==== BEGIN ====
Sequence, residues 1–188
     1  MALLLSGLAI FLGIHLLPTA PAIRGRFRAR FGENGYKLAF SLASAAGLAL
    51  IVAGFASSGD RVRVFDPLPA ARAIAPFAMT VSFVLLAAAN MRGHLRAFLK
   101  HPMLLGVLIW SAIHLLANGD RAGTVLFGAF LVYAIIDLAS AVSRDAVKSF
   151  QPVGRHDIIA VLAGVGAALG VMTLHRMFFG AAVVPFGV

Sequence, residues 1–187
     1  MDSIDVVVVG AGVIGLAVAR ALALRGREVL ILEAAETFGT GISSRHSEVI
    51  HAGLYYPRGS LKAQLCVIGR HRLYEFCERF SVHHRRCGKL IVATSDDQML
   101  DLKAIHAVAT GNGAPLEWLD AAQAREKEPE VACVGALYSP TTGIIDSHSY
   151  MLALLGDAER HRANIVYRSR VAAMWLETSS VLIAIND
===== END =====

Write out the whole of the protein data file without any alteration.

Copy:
Sequence, residues 1–188
     1  MALLLSGLAI FLGIHLLPTA PAIRGRFRAR FGENGYKLAF SLASAAGLAL
    51  IVAGFASSGD RVRVFDPLPA ARAIAPFAMT VSFVLLAAAN MRGHLRAFLK
   101  HPMLLGVLIW SAIHLLANGD RAGTVLFGAF LVYAIIDLAS AVSRDAVKSF
   151  QPVGRHDIIA VLAGVGAALG VMTLHRMFFG AAVVPFGV

Sequence, residues 1–187
     1  MDSIDVVVVG AGVIGLAVAR ALALRGREVL ILEAAETFGT GISSRHSEVI
    51  HAGLYYPRGS LKAQLCVIGR HRLYEFCERF SVHHRRCGKL IVATSDDQML
   101  DLKAIHAVAT GNGAPLEWLD AAQAREKEPE VACVGALYSP TTGIIDSHSY
   151  MLALLGDAER HRANIVYRSR VAAMWLETSS VLIAIND